15. ^ "The New Maseratis". Archived from the original on 2008-02-29. Retrieved 2008-02-29. 
  16. ^ World of Cars 2006·2007. Warsaw, Poland: Media Connection Sp. z o.o. 2006. p. 140. 
  17. ^ "Facelift Maserati: Marginale Modellpflege" [Maserati facelift: Marginal upgrade]. AutoBild (in German). 2004-08-02. Retrieved 2012-07-25. 
  18. ^ "The 2005 Maserati Coupé and Spyder". Archived from the original on 2008-02-29. Retrieved 2008-02-29. 
  19. ^ a b "Cauley Maserati Color Selector". Archived from the original on 2008-02-29. Retrieved 2008-02-29. 
  20. ^ a b "Interior finish". Retrieved 2008-02-29. 
  21. ^ a b "Coupé Cambiocorsa". Archived from the original on 2008-02-29. Retrieved 2008-02-29. 
  22. ^ "Maserati Coupe (2002-) Review". Archived from the original on 2008-02-29. Retrieved 2008-02-29. 
  23. ^ "Maserati Spyder (2002-) Review". Archived from the original on 2008-02-29. Retrieved 2008-02-29. 
  24. ^ "Maserati Spyder". Archived from the original on 2008-02-29. Retrieved 2008-02-29. 
  25. ^ "Maserati Coupé". Archived from the original on 2008-02-29. Retrieved 2008-02-29. 
  26. ^ a b Kott, Douglas. "Maserati Spyder Cambiocorsa". Archived from the original on 2008-02-29. Retrieved 2008-02-29. 
  27. ^ "Cambiocorsa: Driver Focused". Archived from the original on 2008-02-29. Retrieved 2008-02-29. 
  28. ^ a b c d "Maserati Coupe Gearbox Technology". Archived from the original on 2008-02-29. Retrieved 2008-02-29. 
  29. ^ "Maserati Spyder Cambiocorsa". Archived from the original on 2008-02-29. Retrieved 2008-02-29. 
  30. ^ "Maserati Coupe Suspension Technology". Archived from the original on 2008-02-29. Retrieved 2008-02-29. 
  31. ^ "The 2004 Maserati Coupe". Retrieved 2008-02-29. 
  32. ^ "The New Maserati Coupe". Archived from the original on 2008-02-29. Retrieved 2008-02-29.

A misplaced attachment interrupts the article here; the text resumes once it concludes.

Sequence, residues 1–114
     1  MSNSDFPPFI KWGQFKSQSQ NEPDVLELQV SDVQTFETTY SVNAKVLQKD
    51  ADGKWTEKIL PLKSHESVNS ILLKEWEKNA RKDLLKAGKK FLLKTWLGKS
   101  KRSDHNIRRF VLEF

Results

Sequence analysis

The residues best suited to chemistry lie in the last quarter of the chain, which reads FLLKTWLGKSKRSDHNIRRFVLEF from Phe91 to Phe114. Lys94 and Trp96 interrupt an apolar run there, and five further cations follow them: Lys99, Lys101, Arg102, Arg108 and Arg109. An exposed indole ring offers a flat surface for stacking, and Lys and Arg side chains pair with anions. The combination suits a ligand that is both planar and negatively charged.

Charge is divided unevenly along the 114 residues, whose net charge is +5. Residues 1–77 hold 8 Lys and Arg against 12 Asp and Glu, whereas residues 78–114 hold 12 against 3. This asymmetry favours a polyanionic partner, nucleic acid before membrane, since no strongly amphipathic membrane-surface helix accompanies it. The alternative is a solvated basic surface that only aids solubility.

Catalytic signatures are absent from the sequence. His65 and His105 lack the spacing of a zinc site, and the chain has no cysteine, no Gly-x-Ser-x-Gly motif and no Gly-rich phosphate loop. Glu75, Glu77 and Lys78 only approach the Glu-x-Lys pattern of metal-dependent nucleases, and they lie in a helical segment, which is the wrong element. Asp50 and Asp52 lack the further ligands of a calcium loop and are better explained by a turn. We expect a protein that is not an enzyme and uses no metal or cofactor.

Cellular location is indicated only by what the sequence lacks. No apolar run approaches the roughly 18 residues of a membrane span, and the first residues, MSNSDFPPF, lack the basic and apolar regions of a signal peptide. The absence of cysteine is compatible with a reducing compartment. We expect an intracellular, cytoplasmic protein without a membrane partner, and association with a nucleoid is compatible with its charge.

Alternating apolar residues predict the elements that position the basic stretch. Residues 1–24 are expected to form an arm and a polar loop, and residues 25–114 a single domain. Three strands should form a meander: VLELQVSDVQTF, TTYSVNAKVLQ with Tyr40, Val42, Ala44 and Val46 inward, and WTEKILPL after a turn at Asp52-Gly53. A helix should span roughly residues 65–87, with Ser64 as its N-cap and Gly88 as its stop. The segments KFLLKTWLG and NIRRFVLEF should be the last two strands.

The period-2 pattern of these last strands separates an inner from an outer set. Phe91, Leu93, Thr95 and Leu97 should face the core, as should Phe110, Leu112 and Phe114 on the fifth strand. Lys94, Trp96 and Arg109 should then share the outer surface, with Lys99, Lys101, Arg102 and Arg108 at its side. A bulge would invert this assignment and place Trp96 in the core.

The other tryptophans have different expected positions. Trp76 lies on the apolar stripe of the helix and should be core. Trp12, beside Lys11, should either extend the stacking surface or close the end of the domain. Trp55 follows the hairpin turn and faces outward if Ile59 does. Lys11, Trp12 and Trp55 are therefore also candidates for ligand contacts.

33. ^ Bornhop, Andrew. "Maserati Coupe Cambiocorsa". Archived from the original on 2008-02-29. Retrieved 2008-02-29. 
  34. ^ "Skyhook Suspension". Archived from the original on 2008-02-29. Retrieved 2008-02-29. 
  35. ^ a b "The 2004 Maserati Coupe". Retrieved 2008-02-29. 
  36. ^ a b "The 2004 Maserati Coupe". Retrieved 2008-02-29. 
  37. ^ "2004 Maerati Coupé New Car Buyer's Guide". Archived from the original on 2008-02-29. Retrieved 2008-02-29. 
  38. ^ "Maserati Coupe Brake Technology". Archived from the original on 2008-02-29. Retrieved 2008-02-29. 
  39. ^ Stepler, Richard. "Maserati Turns Heads Again". Archived from the original on 2008-02-29. Retrieved 2008-02-29. 
  40. ^ "Maserati GPS radio-navigator". Retrieved 2008-02-29. 
  41. ^ "Maserati GSM Telephone". Retrieved 2008-02-29. 
  42. ^ "Maserati Coupe Optionals". Archived from the original on 2008-02-29. Retrieved 2008-02-29. 
  43. ^ "Maserati Custom Luggage Set". Retrieved 2008-02-29. 
  44. ^ "Factfile - Maserati Gransport". Archived from the original on 2008-02-29. Retrieved 2008-02-29. 
  45. ^ Hutton, Ray. "Maserati GranSport - First Drive Review". Archived from the original on 2008-02-29. Retrieved 2008-02-29. 
  46. ^ Gorzelany, Jim; de Paula, Matthew. "Additional Elegance". Archived from the original on 2008-02-29. Retrieved 2008-02-29. 
  47. ^ "2007 Maserati GranSport". Archived from the original on 2008-02-29. Retrieved 2008-02-29. 
  48. ^ a b c "Maserati Trofeo - Car News". Archived from the original on 2008-02-29. Retrieved 2008-02-29. 
  49. ^ a b c Stone, Matt. "Road Test: Maserati Trofeo". Archived from the original on 2008-02-29. Retrieved 2008-02-29. 
  50. ^ "Maserati Releases Limited Edition Spyder". Archived from the original on 2008-02-29. Retrieved 2008-02-29. 
  51. ^ "Driving The New GranSport MC Victory". Archived from the original on 2008-02-29. Retrieved 2008-02-29. 
  52. ^ a b "2006 Maserati GranSport MC Victory". Archived from the original on 2008-02-29. Retrieved 2008-02-29. 
  53. ^ "2004 Maserati Coupe 90th Anniversary Edition". Archived from the original on 2008-02-29. Retrieved 2008-02-29. 
  54. ^ "A Maserati Worth Waiting 90 Years For - The Limited Edition Anniversary". Archived from the original on 2008-02-29. Retrieved 2008-02-29. 
  55. ^ "Spyder 90th Anniversary". maserati.us/Spyder 90th Anniversary. Retrieved 2012-04-08. 
  56. ^ Lorio, Joe. "2007 Maserati GranSport MC Victory". Archived from the original on 2008-02-29. Retrieved 2008-02-29. 
  57. ^ "GranSport MC Victory". maserati.us/GranSport MC Victory. Retrieved 2012-04-08. 

Bibliography[edit]

  • Holmes, Mark (2007). Ultimate Convertibles: Roofless Beauty. London: Kandour. pp. 108–109. ISBN 9781905741625. 

External links[edit]